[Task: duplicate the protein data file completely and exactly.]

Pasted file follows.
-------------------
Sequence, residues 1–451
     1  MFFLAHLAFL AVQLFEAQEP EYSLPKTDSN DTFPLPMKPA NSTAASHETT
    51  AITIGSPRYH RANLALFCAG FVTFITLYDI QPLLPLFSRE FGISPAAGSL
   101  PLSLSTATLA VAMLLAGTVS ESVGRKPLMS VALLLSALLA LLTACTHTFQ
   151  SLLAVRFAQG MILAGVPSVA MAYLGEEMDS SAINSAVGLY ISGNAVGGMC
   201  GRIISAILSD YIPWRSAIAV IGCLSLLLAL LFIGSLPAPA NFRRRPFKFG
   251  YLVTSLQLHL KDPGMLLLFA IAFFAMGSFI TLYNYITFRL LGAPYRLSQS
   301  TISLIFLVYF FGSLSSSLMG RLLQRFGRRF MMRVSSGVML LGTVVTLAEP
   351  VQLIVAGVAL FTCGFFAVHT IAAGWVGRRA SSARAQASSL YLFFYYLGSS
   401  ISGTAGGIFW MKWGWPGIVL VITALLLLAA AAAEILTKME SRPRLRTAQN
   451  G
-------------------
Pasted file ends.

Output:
Sequence, residues 1–451
     1  MFFLAHLAFL AVQLFEAQEP EYSLPKTDSN DTFPLPMKPA NSTAASHETT
    51  AITIGSPRYH RANLALFCAG FVTFITLYDI QPLLPLFSRE FGISPAAGSL
   101  PLSLSTATLA VAMLLAGTVS ESVGRKPLMS VALLLSALLA LLTACTHTFQ
   151  SLLAVRFAQG MILAGVPSVA MAYLGEEMDS SAINSAVGLY ISGNAVGGMC
   201  GRIISAILSD YIPWRSAIAV IGCLSLLLAL LFIGSLPAPA NFRRRPFKFG
   251  YLVTSLQLHL KDPGMLLLFA IAFFAMGSFI TLYNYITFRL LGAPYRLSQS
   301  TISLIFLVYF FGSLSSSLMG RLLQRFGRRF MMRVSSGVML LGTVVTLAEP
   351  VQLIVAGVAL FTCGFFAVHT IAAGWVGRRA SSARAQASSL YLFFYYLGSS
   401  ISGTAGGIFW MKWGWPGIVL VITALLLLAA AAAEILTKME SRPRLRTAQN
   451  G